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Wednesday, August 25, 2010

Summer Reading

At the beginning of the semester I found myself in a reading rut; between when I left the States with a load of linguistics-type books in July '09 and when I returned to Korea from India/Sadhana in late February, my interests had apparently changed dramatically. I could no longer concentrate on reading spiffy things about verbs and syntax and performatives, etc. I tried in vain to get through Wittgenstein's Philosophical Investigations and Austen's How to Do Things with Words, but I was nagged by the feeling that, no matter how interesting, linguistics was a somewhat selfish pursuit. What will it matter to anyone anywhere if I can parse a sentence a bit better? I'm not trying to write off an entire discipline, since I of course still find it all very interesting. I just couldn't quite match up the selflessness to which I was aspiring in my diet and actions and the seemingly reclusive, technical, interesting-intellectual-puzzle-but-is-it-really-much-more? aspects of linguistics. So I got frustrated and mostly stopped reading.

But then I bought some used books on Amazon and had my mom mail me a package. I couldn't have known then that Derrick Jensen's Endgame, about which I posted exactly 4 months ago, would send me off on a sort of book-odyssey (made possible by my obliging, library-card possessing friend Daeju Kim AKA Julio at Seoul National Unversity), leading me to question and reformulate my ideas about...education, the environment and man's relation to it, how to live almost-sustainably in Vermont, the nature of schizophrenia, the shortfalls of veganism, the complexity of plants and the dangers of pharmeceuticals, the relationship between the pervasiveness of competition and dissemblance in the industrial economy and the mental health of the individuals and families who participate in it; and the possibility of TV being turned into a healthy, useful medium. I have apparently become obsessed with thinking about how to eat, how to consume, how to medicate, how to relate to the planet, how to teach, and how to entertain myself in ways that are, for lack of a more exact word, nice.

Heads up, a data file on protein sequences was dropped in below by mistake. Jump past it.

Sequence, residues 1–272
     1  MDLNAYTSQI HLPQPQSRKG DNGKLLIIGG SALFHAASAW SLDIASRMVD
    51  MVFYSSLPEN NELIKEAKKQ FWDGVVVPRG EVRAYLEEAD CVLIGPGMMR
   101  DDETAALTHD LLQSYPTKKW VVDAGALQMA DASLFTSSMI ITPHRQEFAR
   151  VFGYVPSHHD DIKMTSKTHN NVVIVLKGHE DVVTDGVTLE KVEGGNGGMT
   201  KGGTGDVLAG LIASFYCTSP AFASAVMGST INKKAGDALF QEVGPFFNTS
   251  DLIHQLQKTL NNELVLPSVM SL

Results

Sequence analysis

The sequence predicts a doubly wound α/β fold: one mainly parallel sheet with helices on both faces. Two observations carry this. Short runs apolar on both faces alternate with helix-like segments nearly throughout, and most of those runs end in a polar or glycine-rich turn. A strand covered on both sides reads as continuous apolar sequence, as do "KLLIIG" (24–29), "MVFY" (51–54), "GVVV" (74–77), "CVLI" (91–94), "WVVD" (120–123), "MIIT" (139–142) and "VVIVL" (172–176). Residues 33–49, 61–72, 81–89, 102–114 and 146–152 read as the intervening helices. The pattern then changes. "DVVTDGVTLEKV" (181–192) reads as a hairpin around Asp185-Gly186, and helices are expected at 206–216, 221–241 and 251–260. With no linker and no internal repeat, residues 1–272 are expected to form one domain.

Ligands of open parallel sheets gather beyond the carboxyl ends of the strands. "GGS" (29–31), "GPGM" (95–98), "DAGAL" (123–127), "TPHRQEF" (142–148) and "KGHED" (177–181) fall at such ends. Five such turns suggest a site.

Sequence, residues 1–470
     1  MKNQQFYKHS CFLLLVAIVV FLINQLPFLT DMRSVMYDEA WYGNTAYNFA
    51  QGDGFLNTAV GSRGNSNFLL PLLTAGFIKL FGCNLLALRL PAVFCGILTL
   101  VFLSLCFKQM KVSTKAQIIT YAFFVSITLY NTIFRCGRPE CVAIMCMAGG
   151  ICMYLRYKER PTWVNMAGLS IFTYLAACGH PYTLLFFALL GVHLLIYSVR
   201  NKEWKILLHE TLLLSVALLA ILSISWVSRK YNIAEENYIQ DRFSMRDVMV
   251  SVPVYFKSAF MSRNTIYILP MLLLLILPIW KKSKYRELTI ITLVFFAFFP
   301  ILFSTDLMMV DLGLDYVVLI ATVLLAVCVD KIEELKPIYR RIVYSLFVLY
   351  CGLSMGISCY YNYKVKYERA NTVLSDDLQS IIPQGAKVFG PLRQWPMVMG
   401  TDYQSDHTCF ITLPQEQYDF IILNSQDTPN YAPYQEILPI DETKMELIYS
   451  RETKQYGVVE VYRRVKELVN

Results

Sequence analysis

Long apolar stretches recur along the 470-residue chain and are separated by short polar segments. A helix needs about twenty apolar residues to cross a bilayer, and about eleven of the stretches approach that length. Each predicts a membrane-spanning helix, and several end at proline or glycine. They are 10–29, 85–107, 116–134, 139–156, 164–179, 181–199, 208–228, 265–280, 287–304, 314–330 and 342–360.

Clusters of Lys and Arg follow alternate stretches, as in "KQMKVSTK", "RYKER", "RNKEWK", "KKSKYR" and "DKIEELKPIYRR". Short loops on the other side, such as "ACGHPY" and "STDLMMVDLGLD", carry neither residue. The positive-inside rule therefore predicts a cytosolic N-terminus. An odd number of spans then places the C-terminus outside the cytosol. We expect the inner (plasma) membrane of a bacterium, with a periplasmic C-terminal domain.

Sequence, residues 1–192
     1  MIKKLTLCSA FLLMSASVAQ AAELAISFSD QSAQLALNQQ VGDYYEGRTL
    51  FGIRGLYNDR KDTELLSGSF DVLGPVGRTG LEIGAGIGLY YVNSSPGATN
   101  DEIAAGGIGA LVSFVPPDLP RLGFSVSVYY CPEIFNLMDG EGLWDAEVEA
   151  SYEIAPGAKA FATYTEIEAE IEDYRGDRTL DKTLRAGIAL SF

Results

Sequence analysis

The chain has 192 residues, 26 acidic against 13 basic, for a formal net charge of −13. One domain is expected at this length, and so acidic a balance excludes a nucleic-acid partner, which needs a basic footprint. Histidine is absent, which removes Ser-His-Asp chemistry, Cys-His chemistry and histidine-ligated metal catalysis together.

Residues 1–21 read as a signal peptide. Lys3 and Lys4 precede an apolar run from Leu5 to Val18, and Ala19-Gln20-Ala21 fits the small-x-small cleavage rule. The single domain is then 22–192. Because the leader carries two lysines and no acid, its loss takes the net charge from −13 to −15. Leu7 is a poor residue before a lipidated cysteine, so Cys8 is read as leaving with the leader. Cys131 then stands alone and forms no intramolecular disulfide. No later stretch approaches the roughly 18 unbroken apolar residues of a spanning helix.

I don't know if I'm just trying to show off, or if I'm making a list for posterity, or whatever else, but in any case, I feel compelled to share the list of the books I've been devouring since spring rolled around. If I had a little more time, a bit more confidence in my newfound (somewhat) radical mentality, and a slightly smaller sense of ever-increasing estrangement, I might write some synopses or reviews or at least provide some quotations. But I'm not quite there yet. In the meantime, check them out on wikipedia or Amazon. That is, if estrangement is something you're looking for.

Derrick Jensen - Walking on Water
Derrick Jensen - A Language Older than Words
Neill Everndren - The Natural Alien
Helen and Scott Nearing - The Good Life
R.D. Laing - The Politics of Experience
Lierre Kieth - The Vegetarian Myth
Stephen Harold Buhner - The Lost Language of Plants
Jules Henry - Culture Against Man
Jerry Mander - Four Arguments for the Elimination of Television

I am pretty sure this list is missing a book or two. I think I need to order some awesome not-so-new Undeployed(TM) bookmarks!

(Of course, throughout all of this, I have been consulting my Handbook of Korean Vocabulary: A Resource for Word Recognition and Comprehension and my Korean Grammar for International Learners along with the accompanying Workbook. Not to mention Seoul National University Language Education Institute Korean Level 4 and its own Workbook. But I don't expect these to interest you all so much.)

1 comment:

Sarah (Syrup and Honey) said...

In case whether you do it depends on reader interest, I'd like to read your review of The Lost Language of Plants.